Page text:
Submitted by Clare Vickery
You may be familiar with William Shakespeare’s Play The Merchant of Venice. It’s a 16th-century play in which a merchant in Venice named Antonio defaults on a large loan provided by a Jewish moneylender, Shylock. It is believed to have been written between 1596 and 1599.
Grace Arts, FL. a Florida Non-Profit theater company, has assembled a talented cast of young performers to tell this Shakespearean Classic in a uniquely adapted fashion featuring costume designs by Miami’s Fashion Institute and talented South Florida actors of color.
‘Merchants of Venice’ will be one of the first productions at the new Victory Black Box Theatre in Fort Lauderdale on Sistrunk Boulevard, will debuts on July 7, 2022.
Clare Vickery, Director of Grace Arts FL., said the inspiration for the adaptation of Merchant of Venice came years ago while researching the Underground Railroad.
“Florida, or ‘La Florida’ as it was known as a Spanish territory in the 17–1800’s, was an early refuge for thriving maroon communities and a pathway to freedom for Black and brown people escaping colonial slavery but later the State would become a Jim Crow South stronghold. Miami and Fort Lauderdale have historic African American commercial districts and neighborhoods with many successful and iconic cultural sites and businesses that no longer stand but were in full bloom in the 1930s through the 60s.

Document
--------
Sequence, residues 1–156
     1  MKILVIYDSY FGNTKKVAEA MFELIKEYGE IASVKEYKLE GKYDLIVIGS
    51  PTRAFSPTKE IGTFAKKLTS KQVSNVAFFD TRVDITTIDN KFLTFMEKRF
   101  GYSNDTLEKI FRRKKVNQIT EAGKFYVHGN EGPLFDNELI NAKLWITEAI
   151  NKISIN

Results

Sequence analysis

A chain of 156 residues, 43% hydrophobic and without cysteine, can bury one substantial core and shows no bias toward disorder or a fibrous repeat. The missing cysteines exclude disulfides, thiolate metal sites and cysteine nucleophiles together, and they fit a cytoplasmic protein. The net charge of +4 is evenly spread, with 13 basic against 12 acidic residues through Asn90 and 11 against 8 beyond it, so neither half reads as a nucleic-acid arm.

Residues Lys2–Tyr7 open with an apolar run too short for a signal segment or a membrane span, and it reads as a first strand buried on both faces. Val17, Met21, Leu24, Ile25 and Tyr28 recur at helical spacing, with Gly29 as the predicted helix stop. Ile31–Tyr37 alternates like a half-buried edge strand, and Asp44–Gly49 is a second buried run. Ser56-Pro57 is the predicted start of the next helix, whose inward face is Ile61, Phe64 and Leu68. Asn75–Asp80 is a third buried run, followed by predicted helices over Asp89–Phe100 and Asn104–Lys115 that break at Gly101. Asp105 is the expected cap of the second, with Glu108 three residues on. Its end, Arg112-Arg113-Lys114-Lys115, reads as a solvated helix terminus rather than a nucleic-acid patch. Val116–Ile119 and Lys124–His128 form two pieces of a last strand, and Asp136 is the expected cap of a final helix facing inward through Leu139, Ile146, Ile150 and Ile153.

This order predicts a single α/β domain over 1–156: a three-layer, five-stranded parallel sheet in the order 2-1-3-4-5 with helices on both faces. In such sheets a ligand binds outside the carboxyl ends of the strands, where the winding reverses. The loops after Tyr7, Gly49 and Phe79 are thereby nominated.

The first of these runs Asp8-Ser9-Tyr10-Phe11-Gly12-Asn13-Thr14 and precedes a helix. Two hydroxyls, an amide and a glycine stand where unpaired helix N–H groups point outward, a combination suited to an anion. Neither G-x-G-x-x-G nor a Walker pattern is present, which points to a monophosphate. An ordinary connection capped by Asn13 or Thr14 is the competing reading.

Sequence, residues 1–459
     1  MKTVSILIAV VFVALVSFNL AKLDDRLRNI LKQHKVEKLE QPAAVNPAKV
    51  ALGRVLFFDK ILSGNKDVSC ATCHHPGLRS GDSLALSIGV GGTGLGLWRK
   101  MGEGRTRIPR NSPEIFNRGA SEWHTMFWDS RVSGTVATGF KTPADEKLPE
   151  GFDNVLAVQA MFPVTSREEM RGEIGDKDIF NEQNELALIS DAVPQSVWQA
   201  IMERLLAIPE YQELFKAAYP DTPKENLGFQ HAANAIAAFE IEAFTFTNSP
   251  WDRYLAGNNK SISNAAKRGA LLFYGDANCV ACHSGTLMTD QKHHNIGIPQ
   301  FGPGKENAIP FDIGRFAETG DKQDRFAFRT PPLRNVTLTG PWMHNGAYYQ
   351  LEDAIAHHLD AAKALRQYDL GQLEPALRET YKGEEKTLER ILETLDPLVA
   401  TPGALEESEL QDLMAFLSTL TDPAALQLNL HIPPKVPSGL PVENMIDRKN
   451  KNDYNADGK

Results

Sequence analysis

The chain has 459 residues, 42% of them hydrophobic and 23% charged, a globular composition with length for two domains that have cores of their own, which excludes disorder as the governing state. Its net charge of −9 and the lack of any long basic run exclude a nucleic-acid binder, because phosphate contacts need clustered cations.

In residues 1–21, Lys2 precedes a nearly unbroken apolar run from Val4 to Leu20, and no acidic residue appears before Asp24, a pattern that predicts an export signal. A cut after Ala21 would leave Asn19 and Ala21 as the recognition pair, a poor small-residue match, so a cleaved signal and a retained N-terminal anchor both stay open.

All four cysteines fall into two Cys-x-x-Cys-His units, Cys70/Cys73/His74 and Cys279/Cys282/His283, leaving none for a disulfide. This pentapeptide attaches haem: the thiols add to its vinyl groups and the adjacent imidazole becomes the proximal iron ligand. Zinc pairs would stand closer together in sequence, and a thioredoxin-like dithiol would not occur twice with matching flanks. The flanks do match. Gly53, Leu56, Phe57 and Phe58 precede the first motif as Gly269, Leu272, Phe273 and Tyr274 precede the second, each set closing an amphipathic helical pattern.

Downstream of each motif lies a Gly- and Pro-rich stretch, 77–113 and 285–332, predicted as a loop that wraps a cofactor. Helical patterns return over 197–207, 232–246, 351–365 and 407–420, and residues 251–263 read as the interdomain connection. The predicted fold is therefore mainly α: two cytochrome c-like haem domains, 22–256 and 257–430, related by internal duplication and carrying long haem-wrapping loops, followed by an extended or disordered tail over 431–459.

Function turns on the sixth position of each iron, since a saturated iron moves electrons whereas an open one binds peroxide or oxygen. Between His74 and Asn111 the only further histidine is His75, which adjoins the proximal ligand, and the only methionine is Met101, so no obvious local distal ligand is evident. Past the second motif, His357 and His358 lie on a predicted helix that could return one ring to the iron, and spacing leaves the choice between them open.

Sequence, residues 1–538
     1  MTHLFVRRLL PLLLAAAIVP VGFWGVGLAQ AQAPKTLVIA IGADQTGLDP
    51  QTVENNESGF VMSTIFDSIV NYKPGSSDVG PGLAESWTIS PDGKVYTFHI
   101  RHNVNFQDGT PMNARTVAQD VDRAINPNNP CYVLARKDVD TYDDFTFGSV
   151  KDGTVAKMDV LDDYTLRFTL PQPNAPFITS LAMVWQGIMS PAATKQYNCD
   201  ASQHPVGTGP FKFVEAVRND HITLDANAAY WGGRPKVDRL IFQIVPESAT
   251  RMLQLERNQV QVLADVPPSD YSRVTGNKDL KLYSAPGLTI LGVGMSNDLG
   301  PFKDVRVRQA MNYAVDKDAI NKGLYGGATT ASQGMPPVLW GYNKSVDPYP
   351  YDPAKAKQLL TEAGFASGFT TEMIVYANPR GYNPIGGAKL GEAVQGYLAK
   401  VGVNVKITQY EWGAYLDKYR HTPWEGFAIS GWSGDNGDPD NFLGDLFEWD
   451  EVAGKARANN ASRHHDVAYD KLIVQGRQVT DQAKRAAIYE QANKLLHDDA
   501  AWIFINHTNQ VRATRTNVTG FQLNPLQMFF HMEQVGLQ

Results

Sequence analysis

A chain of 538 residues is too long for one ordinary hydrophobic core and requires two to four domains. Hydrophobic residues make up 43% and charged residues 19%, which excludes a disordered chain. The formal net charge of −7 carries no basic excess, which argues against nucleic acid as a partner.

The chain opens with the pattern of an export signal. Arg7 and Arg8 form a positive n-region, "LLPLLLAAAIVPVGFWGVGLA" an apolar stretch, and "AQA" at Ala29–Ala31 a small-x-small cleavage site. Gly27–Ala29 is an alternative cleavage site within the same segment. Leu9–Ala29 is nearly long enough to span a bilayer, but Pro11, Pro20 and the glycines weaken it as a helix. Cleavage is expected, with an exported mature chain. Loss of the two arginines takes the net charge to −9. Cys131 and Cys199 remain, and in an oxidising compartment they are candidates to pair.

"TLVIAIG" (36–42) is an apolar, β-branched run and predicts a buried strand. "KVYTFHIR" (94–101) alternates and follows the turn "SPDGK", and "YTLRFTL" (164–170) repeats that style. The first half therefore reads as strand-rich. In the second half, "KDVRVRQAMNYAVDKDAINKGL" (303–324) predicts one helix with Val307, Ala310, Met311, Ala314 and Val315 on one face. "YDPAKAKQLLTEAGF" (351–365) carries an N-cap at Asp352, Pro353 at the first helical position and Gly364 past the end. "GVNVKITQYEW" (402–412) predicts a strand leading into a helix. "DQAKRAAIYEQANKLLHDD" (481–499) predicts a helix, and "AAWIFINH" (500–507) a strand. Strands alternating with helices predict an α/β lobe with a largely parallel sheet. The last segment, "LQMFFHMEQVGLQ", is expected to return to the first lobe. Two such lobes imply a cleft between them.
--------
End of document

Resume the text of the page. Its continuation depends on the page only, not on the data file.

Our take ‘Merchants of Venice’ replaces Shakespeare’s Venice and Belmont with a South Florida Black Renaissance beginning after The Great Depression. Shylock, played by veteran actor Kent Chambers -Wilson, represents the survivalist tactics of Black elders who managed to create wealth despite the constraints of the devastating economic crash and racist policies,” said Vickery.
Antonio, Bass (anio), Lorenzo (young men with modest means but big dreams), and the daughters of Black wealth — Portia, a wealthy heiress, and her friend Nerissa with Jessica (Shylock’s daughter) — reject the guardrails of the past and want to forge fast roads to full civil rights; they use unrestrained creativity and risk-taking to achieve goals of freedom rather than con-serving the wealth of their elders.
The religious tensions of Bard’s 16th-century play are replaced with the brimming and broiling optimism and fierce struggle for freedom by 20th-century Black merchants and their families written and directed by Darius V. Daughtry, a local writer, and director, educator, and Founder/Artistic Director of Art Prevails Project.
A surprise ending to the story is guided by a blues-playing Narrator (Douglas “Xaire Good-ridge) who reveals the real lives of Black creatives and entrepreneurs embodied in the characters. Costumes de-signed by consulting designer Taofeek Abijako (Head of State) with Miami Fashion Institute (Asanyah Davidson and Miami Dade College) feature cloaks evoking the classical and contemporary twists of the production and the superhero strength of the real people who established Overtown and the Sistrunk communities.